PGA Championship

Valhalla Golf Club



WGC-Dell Match Play

Jason Day, low on confidence, fights his way to 3-0 at the Match Play

March 24, 2023
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Mike Mulholland

AUSTIN — When a player at the WGC-Dell Match Play comes unscathed through the group play, qualifying for the weekend with a 3-0 record, you expect to hear a few positive thoughts about his game, and some optimism for the knockout stages. But if that player is Jason Day, you hear this instead:

"It's still uncomfortable. … It hasn't felt like I've been in a groove for a while, just because of the swing changes. I mean, I can't fully let it go. … It's just so hard to put an exact date on when I'm going to break through."

Considering that 64 of the best players came to Austin this week, and 48 of them will be heading home after tonight, the fact that Day can stake his claim in the final 16 with all that discomfort is a testament both to his hard work and his prowess in this format. Along with Tiger Woods and Geoff Ogilvy, Day is one of just three players to have won this event twice, and though he's been on an unprecedented cold spell since his last title in 2016, having lost 10 of his last 12 matches heading into the week, two straight wins over Adam Svensson and Victor Perez set him up for a Friday showdown with Collin Morikawa. Day was the better player from the start, with three birdies in his first four holes vaulting him to a lead he wouldn't relinquish. A pinpoint approach on the par-3 11th and a 12-foot birdie putt on 12 extended his lead to 4 up with six to play, and from there he ground out three straight pars to end the match.

"I think that if Collin holed some more putts we'd be going like some extra holes," Day said. "It was nice to be able to take advantage of some of my putts on two and nine. Some good quality iron shots out there again, which was great. Some of the shots that I didn't feel comfortable over, I felt like I handled those pretty nicely."

Day's discomfort with his game stems from swing changes necessitated by his battles with recurring injuries. As Golf Digest’s Luke Kerr-Dineen wrote earlier this year, he slipped all the way to 175th in the world before his recent resurgence, and back injuries had begun to erode all parts of his game. Mental struggles, and the passing of his mother, exacerbated the situation, and finally in 2020 he hired Chris Como as his swing coach. Together, they built a swing that would protect his back and preserve his health, which entailed making some big changes in everything from hip flexibility to swing path.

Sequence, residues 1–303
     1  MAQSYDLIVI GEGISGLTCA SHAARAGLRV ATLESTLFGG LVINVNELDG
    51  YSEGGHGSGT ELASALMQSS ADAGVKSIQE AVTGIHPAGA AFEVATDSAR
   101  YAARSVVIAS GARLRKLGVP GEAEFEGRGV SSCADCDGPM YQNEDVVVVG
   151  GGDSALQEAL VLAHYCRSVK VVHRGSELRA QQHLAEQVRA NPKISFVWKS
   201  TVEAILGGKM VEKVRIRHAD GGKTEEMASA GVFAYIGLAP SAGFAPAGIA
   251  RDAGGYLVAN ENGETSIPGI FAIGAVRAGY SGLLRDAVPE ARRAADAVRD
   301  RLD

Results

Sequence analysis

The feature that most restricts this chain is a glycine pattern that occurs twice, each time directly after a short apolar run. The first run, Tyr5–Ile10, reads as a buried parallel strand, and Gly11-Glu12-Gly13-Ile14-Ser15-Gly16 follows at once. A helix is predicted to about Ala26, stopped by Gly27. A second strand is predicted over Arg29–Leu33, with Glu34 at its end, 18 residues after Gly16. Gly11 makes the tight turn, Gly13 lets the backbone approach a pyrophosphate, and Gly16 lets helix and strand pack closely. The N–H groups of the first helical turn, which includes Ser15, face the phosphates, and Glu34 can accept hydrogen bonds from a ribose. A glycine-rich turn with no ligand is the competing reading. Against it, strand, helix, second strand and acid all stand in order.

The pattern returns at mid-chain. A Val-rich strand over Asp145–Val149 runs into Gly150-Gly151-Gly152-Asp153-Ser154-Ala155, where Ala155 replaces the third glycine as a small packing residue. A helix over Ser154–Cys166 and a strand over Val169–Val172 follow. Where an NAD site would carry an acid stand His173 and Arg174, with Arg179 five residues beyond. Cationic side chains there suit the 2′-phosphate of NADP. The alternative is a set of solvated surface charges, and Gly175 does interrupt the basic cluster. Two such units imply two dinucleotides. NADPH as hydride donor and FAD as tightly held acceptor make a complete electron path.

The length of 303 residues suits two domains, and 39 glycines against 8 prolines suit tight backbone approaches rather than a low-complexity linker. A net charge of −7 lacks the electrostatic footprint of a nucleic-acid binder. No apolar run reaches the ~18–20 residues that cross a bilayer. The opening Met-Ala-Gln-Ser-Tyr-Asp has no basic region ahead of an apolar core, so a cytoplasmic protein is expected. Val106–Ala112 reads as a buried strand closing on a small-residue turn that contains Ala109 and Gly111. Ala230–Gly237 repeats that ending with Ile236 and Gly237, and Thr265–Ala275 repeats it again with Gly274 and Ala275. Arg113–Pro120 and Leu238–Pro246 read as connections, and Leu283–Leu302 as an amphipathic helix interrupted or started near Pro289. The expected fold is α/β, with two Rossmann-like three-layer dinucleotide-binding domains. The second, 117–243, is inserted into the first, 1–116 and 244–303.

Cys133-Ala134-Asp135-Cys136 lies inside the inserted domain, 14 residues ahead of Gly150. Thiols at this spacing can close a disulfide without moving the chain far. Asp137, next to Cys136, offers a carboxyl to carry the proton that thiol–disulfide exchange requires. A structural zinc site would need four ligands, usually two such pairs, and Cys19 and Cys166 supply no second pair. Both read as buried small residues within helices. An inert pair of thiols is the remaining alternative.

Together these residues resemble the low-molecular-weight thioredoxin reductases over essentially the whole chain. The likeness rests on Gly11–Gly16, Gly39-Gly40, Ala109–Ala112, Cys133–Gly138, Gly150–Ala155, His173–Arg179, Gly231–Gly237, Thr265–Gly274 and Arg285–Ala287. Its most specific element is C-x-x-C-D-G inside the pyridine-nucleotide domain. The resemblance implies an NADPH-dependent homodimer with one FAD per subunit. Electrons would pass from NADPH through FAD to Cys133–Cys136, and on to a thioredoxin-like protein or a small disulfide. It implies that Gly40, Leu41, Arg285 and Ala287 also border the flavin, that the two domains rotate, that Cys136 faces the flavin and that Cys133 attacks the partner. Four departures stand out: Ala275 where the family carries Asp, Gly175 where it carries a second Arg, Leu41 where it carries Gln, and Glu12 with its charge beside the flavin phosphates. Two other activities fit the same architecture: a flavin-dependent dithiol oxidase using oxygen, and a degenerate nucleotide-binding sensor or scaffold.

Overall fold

"You hear guys saying they're taking ownership of their game. I never really understood that until the last two years," Day said on Friday. "To really kind of understand how my body's working, where things need to be body-wise and balance-wise, for me to be able to swing the club a certain way is important. I'm not 21 anymore and I don't recover the same way, so I have to be smart."

Day wasn't done reflecting; the former World No. 1 and major champion clearly spends a lot of time thinking about his process, and how it has changed now that golf doesn't come quite so easy.

"When I got to No. 1 in the world back in '15, I enjoyed the journey getting there, but when I got there, I didn't know how I got there, which is interesting to say because I had a team of people around me that would just take care of everything," he said. "So they just kept the horse running, and I was just like, OK, I'm going to run in a straight line. I think this time around I'm just doing it slightly different. At least I'll kind of have essentially an understanding of how things are and where they're going and where I want to be."

The type of self-reflection is somewhat new for Day, and though the Match Play is a volatile format in which you can get lucky to win, the fact that he's reached the weekend once more proves that the changes are starting to take effect. Even better, he feels truly healthy, something he hasn't been able to say for large chunks of his career. Day is 35 now, but in terms of the strain on his body, and how long he's been grinding on the PGA Tour, he feels like an old 35. The irony, though, is that his round of 16 opponent is the oldest man in the field—44-year-old Matt Kuchar. Day is the one man standing between Kuchar and the all-time record for most wins at the Match Play; Kuchar tied Tiger Woods at 36 wins on Friday, and could pass him Saturday morning.

"I'm definitely older than a lot of the guys now," Day said. "This is, I think, my 16th season or something like that. But I must say I'm playing against an older guy tomorrow, so that's going to be fun."